Then, I am going to review every manhua adaptation of the Condor Trilogy. There is a manga adaptation—Shachou Eiyuuden Eaglet—which I have not read and will not review.
For each post, I will pose a discussion question. And the question for this post is:
If you do not know the story of The Condor Trilogy, based on this post, which manga/manhwa do you think is most resembles? If you know the story of The Condor Trilogy, which manga/manhwa do you think are not most like it?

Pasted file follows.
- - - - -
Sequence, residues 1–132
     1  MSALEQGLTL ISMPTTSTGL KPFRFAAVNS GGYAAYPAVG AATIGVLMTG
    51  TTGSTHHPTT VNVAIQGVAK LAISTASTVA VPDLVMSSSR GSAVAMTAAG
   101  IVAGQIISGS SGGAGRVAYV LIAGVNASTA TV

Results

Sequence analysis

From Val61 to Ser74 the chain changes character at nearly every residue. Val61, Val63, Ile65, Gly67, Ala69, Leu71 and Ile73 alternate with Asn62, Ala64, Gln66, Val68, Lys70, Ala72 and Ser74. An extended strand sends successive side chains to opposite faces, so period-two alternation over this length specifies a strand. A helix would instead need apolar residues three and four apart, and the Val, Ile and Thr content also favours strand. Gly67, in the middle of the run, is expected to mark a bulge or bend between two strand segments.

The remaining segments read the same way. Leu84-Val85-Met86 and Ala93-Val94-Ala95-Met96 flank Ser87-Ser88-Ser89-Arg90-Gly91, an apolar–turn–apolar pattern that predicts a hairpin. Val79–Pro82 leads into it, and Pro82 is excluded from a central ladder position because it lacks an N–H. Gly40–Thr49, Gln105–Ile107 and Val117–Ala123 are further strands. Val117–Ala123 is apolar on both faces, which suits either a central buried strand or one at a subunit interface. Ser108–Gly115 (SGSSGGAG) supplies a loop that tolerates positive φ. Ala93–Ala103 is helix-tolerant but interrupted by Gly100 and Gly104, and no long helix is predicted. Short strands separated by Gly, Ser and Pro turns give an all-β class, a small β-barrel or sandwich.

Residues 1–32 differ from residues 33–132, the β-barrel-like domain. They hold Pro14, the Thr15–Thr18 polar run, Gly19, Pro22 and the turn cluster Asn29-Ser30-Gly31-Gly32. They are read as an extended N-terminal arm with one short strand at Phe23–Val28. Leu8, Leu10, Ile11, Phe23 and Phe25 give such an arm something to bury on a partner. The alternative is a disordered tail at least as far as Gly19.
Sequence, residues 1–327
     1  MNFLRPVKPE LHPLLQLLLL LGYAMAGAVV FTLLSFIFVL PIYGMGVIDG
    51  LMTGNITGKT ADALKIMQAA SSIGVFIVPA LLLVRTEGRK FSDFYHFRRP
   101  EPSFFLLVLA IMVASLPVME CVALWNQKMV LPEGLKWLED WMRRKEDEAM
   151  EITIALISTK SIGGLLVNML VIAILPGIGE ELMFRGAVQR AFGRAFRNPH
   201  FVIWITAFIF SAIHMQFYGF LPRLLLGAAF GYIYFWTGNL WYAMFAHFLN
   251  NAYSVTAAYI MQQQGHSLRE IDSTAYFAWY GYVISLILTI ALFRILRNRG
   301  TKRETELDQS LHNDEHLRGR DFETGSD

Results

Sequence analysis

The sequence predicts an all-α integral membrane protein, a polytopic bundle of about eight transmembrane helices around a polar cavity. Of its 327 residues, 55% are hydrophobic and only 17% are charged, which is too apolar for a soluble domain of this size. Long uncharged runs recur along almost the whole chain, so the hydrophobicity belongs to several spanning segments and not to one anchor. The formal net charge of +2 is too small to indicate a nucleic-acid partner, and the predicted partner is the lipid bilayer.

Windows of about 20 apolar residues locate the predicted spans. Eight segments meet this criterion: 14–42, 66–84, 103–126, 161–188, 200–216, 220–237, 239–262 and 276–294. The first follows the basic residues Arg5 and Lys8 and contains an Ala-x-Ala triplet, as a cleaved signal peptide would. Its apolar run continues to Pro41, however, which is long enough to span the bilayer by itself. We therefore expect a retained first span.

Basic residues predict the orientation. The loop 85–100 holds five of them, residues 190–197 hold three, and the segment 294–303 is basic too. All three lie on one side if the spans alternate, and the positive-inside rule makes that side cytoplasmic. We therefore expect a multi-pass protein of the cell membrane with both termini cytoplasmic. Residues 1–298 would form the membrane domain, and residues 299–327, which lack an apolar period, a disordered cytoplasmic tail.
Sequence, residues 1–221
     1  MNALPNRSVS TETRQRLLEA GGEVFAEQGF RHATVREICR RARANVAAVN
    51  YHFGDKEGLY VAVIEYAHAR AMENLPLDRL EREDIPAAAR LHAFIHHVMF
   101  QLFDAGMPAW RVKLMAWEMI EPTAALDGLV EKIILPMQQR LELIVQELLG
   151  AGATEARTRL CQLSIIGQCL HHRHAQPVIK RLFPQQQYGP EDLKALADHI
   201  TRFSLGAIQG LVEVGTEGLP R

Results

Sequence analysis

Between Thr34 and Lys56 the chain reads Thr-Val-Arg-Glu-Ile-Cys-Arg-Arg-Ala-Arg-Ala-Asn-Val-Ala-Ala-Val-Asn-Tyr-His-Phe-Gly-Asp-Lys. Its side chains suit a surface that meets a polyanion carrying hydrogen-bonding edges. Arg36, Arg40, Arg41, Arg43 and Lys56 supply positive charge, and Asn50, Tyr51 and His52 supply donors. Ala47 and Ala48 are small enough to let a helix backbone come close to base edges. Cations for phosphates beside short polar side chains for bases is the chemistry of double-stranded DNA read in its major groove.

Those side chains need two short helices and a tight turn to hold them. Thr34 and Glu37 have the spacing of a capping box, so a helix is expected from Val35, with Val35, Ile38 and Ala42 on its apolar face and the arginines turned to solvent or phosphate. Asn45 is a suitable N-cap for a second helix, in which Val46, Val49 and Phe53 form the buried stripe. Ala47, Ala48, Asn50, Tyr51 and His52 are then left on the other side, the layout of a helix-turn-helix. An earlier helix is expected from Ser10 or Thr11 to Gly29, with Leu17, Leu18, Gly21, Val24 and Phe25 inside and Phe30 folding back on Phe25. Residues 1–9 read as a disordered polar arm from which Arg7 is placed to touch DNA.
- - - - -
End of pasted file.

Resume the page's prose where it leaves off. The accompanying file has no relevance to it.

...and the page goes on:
I have my own answer, which I will post in the comments section after a few other people have weighed in.
Sara K. has previously written for Manga Bookshelf: Why You Should Read Evyione Part 1 & Part 2, Mary Stayed Out All Night, and The Geeky Heart of Taipei. Her personal blog is The Notes Which Do Not Fit, though there is not much about comics or East Asian pop culture over there. She grew up in Jiujinshan – meaning the city in Jiazhou – and currently lives in Peach Garden County, Ilha Formosa.